Study Guide

Sons and Lovers Chapter 4

By David Herbert (D.H.) Lawrence

Chapter 4

The Young Life of Paul

  • As the narrator informs us, Paul is small and built like his mother. (We're not really sure exactly what this means, but we're guessing we're supposed to think it's bad.)
  • He's pale and quiet, and seems old for his age. He hangs out with Annie a lot, who has turned into a tomboy by this point in the book. Nice.
  • That Paul's a weird one, though. One day, Paul burns Annie's doll, and seems to take some sort of sick pleasure in watching it melt and burn. This sounds like the kind of story that you hear about how serial killers spent their childhoods.
  • Anyway, like William and Annie, Paul dislikes his father. One day, he comes home and sees his mother with a swollen eye, and Walter standing nearby with his head down.
  • William tries to go after his dad, but his mom tells them that enough is enough for one night.
  • The family soon moves to a new house. It sits on a big hill, and the wind hits it very hard, giving it a spooky vibe. Cue horror film music here.
  • Maybe it looks like this house?
  • Paul starts to develop a private religion that's based on praying for his father to stop drinking. He also prays for his father to die sometimes, because he's wreaking such havoc on his life.
  • Mr. Morel starts to become more threatening when he comes home from the pub. In response, the family basically stonewalls him.
  • Still no good news on the familial relationship front in this novel.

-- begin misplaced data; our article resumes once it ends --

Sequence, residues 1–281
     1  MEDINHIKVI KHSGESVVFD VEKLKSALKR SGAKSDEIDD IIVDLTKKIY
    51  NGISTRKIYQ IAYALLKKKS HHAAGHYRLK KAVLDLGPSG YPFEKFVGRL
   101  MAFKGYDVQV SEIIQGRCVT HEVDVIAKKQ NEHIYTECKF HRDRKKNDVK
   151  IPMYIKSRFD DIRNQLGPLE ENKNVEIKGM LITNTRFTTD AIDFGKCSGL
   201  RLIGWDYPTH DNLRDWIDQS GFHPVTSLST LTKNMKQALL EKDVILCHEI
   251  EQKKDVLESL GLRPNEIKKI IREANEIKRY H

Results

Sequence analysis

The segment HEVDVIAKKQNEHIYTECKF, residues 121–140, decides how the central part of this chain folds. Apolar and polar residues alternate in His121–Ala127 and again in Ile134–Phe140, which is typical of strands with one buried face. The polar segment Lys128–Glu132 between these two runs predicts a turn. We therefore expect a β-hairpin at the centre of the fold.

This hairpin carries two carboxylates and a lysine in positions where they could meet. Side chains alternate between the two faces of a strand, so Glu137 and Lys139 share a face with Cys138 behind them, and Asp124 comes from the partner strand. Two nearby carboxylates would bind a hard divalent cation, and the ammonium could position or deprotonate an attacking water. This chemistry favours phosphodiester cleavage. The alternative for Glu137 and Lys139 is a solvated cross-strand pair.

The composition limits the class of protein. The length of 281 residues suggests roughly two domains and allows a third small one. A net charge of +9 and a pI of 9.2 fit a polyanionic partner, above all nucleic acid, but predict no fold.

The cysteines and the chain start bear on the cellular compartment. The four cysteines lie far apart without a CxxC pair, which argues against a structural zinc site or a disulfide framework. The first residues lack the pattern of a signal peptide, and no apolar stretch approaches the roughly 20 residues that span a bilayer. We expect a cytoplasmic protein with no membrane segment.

• Well, maybe this one thing: Walter becomes his best self when he has something to do at home, like mend his boots. In these cases, the children will actually join him and be happy.
  • Paul and his mom's relationship grows ever more intimate.
  • For instance, Paul knows his mother regrets that path she's taken in life, and it kills him not to be able to fill this void for her. To this end, Paul loves to sleep in the same bed as his mother.
  • Someone call Freud for us, please?
  • Now, the book really starts to speak of Paul and Mrs. Morel's relationship in disturbingly romantic terms.
  • When Paul brings his mother flowers, Mrs. Morel answers, "'Pretty!' […] in a curious tone, of a woman accepting a love-token" (4.149).
  • Mrs. Morel clearly loves William the most; but when William moves to Nottingham for work, she has no choice but to turn to Paul as her new closest companion.
  • That is, no choice if she's going to continue spending all her affection on her sons, thereby stunting their development, rather than on bettering her own relationship or life.
  • The children of Paul's neighborhood are very close, since there are so few of them. At night, they meet by the one lamppost on their street to play.
  • These days, Walter's hours at the pit aren't always great. He comes home in an ill temper when there's no work, and complains about how he's the only one in the family who isn't wasteful.
  • William moves away, and since he has to spend a lot of money when he first arrives at London, he can't send much home. Therefore, the Morels are even poorer that autumn.
  • William then comes home for five days that Christmas.
  • Like any young person totally unwise about money, William has spent every penny he has on Christmas presents. At least he's not selfish, right?
  • When he leaves, the family goes into mourning. Stuff is a lot more awkward without him, on the home front.
  • Later, William gets a chance to travel to the Mediterranean on his vacation, and his mother tells him to go. But he uses his vacation to come home instead, and she's secretly relieved and overjoyed by this.
  • Wow, Mrs. Morel: are you ever going to relax your vice grip on your sons' lives?
  • Given what seems to qualify as character development in this book—i.e., characters face the same problems over and over again and make little to no progress—we're not too hopeful.